|Author (Person)||Kielmas, Maria|
|Series Title||European Voice|
|Series Details||Vol.7, No.34, 20.9.01, p19|
FEW issues highlight the fragmented state of the EU's energy market better than the thorny matter of energy taxes.
Harmonised energy taxes were first suggested by Mario Monti in 1993 and have been under active discussion since 1997. But the idea has frequently fallen foul of member states' internal politics.
The Belgian presidency now hopes to push forward 'enhanced cooperation', whereby 10 or 11 members can go ahead with a harmonised EU energy tax. But since this measure will require unanimous approval, it could take a long time.
The Swedish presidency's effort in June to harmonise energy taxes was brought to a halt by Spain's insistence that such taxes be linked to functioning internal electricity and gas markets. Madrid's economy minister Rodrigo Rato said such taxes should be contingent on a full opening of the French energy market. Britain supported Spain, though the British stance is probably based more on a fear of rekindling a hot political debate at home about EU tax harmonisation in general.
The idea behind taxing electricity and gas consumption for the first time is two-fold, according to the European Commission: firstly, to improve the functioning of the internal market; and secondly, to benefit the environment and help meet the EU's obligations under the Kyoto Protocols.
The theory is that taxes levied on energy consumption will work to cut demand. Most ambitiously these energy taxes are not to be viewed as fiscal instruments. The aim is to cut taxes on labour, which will boost employment, and shift this burden onto energy demand to help the environment. The size of this tax has not been specified.
Sweden is still keen on the energy tax and its industry supports it. "We are not afraid of the energy tax because taxes here are so high already," says Gunnar Rabe, spokesman on energy for the Confederation of Swedish Enterprise.
In short, Swedish industry hopes a Union-wide tax will mean lower taxes overall.
Of the member states, the Scandinavian countries, the Netherlands, UK, Germany, France and Italy have introduced carbon or climate taxes. Spain Portugal, Ireland, Greece and Belgium have not.
Industry groups in the members states do not all have as benign a view of energy taxes as the Swedes.
The United Kingdom's Engineering Employers Federation believes that the UK's climate change levy, introduced in April and payable only by commercial and industrial users, will not be as fiscally neutral as the government has claimed and will cost industry an extra €158.72 million during its first year.
The EU's proposed action plan aims at a 1% improvement in energy efficiency each year. Its implementation should lead to a potential for 20% saving on energy consumption by 2010, Belgian environment minister Olivier Deleuze told the European Parliament this week.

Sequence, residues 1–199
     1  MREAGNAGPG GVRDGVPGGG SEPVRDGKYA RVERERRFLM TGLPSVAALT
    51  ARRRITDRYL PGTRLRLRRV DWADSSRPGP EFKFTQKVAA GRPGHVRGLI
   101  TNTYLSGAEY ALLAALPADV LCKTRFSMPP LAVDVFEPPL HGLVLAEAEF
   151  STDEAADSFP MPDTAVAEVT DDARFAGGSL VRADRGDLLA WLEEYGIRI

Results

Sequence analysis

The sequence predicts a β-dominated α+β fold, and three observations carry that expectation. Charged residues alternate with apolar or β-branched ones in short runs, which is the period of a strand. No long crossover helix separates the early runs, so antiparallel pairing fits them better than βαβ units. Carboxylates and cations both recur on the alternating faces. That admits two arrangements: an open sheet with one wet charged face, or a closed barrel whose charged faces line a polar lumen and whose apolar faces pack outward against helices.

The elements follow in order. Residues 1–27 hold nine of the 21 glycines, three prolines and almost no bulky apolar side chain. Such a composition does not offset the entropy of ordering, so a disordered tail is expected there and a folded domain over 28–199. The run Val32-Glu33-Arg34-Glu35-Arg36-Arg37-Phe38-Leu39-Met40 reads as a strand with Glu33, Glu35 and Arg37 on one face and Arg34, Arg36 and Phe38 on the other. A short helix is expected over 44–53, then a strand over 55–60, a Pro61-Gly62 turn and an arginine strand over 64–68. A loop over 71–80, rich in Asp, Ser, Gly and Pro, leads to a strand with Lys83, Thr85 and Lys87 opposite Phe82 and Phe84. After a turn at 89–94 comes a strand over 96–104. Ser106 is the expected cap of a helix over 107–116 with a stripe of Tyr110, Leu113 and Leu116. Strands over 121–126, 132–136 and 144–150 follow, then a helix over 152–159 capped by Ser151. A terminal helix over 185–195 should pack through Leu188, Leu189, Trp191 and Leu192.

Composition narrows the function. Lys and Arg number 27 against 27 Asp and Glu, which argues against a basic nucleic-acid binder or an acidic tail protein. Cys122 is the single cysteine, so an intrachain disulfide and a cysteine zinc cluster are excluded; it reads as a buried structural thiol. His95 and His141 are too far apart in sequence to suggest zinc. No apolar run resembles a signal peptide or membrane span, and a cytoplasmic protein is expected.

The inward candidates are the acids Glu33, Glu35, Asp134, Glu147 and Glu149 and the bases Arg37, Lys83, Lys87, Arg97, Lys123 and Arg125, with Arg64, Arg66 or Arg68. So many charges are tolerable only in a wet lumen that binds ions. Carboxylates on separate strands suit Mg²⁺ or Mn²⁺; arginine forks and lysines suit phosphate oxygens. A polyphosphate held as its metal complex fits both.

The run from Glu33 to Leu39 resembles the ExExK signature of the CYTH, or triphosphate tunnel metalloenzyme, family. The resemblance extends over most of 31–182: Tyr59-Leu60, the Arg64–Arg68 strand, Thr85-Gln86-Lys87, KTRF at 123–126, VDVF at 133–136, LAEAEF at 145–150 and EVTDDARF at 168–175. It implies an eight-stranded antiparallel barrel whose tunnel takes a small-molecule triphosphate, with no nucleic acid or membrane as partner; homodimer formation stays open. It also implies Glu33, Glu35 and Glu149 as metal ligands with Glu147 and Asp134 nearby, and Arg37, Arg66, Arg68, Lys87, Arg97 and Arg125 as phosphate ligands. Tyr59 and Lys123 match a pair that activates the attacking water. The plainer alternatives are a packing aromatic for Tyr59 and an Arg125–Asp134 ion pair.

But Swedish industry claims that its own energy-intensive companies are already as efficient as they can be. "Energy costs are so high and such a large proportion of these costs is energy. If we get a new tax we will have to save costs elsewhere - usually labour," argues Rabe.
Many commentators also question the need for harmonised energy efficiency measures in a region as geographically and climatically diverse as Europe. "It is a weakness that the EU does tend to leap in where its jurisdiction is not self-evident. But the energy efficiency directive is not too prescriptive", notes Rob Bradley of Climate Network Europe in Brussels.
Taxes and subsidies have always been used to promote one energy sector over another. But there have always been contradictions. While the proposed taxes are supposed to promote clean technologies, subsidies on coal contradicts environmental goals, argues Bradley. Coal-fired electricity is the greatest producer of greenhouse gases.
A ruling by the European Court of Justice last March has brought into play the concept of state aid and taxation of the energy sector. Germany, for instance, forces conventional producers to purchase renewables at a minimum price. The European Commission argued that this was state aid even though the resources for it come from the private sector. The ECJ decided otherwise.
This now raises a question over how the EU will permit governments to compensate utilities for 'stranded assets', i.e. generating plant and supply contracts which have been left inoperable following the introduction of competition.
The compensation could be through public subsidy or increased tariffs. But every country's stranded asset regime is different. So far only Spain has been given the final green light.
The Spanish will receive €3 billion in compensation instead of the €11 billion originally requested.
The Netherlands was not allowed to receive costs to the electricity sector by raising tariffs. Support for co-generation and other environmentally friendly projects would have been included in these costs.
Article forms part of a special report on energy.